GENEVA -- A United Nations panel said yesterday that Libyan government forces have committed crimes against humanity and war crimes in a conflict it estimates has killed between 10,000-15,000 people.
The UN investigators said there is evidence that opposition forces also committed "some acts which would constitute war crimes."
"The commission is not of the view that the violations committed by the opposition armed forces were part of any 'widespread or systematic attack' against a civilian population such as to amount to crimes against humanity," it added.
The three-member panel based its findings on interviews with 350 people in government- and rebel-held parts of Libya, as well as in refugee camps in neighboring countries.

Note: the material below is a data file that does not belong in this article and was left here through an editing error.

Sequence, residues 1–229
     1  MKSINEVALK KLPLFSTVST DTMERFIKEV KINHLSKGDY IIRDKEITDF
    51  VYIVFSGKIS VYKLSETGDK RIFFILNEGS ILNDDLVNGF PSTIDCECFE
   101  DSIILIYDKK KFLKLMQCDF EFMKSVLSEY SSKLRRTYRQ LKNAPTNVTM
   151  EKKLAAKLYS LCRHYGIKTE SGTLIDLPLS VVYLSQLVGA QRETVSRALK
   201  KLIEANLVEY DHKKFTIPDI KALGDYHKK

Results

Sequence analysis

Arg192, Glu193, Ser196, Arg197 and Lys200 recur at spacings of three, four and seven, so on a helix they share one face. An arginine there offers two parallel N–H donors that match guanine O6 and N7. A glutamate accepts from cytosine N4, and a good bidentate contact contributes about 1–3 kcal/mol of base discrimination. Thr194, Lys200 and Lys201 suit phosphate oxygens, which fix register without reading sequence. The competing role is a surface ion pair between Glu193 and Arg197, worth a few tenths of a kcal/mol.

Their 92-page report adds to evidence collected by prosecutors at the International Criminal Court, who are seeking arrest warrants for Moammar Gadhafi and two other senior officials it alleges are responsible. The report was commissioned in February by the UN Human Rights Council, which has no power to launch legal proceedings but can censure governments accused of committing abuses.
The UN panel said government forces committed murder, torture and sexual abuses "as part of a widespread or systematic attack against a civilian population" before and during the conflict.
"Such acts fall within the meaning of 'crimes against humanity,' " it said.
In Libya, meanwhile, a car bomb exploded next to the Tebesty Hotel, where foreign diplomats stay in the Libyan rebels' de facto capital of Benghazi.
Jalal al-Gallal, a rebel spokesman, said the car bomb caused no injuries or deaths. The burning car sent plumes of black smoke into the air.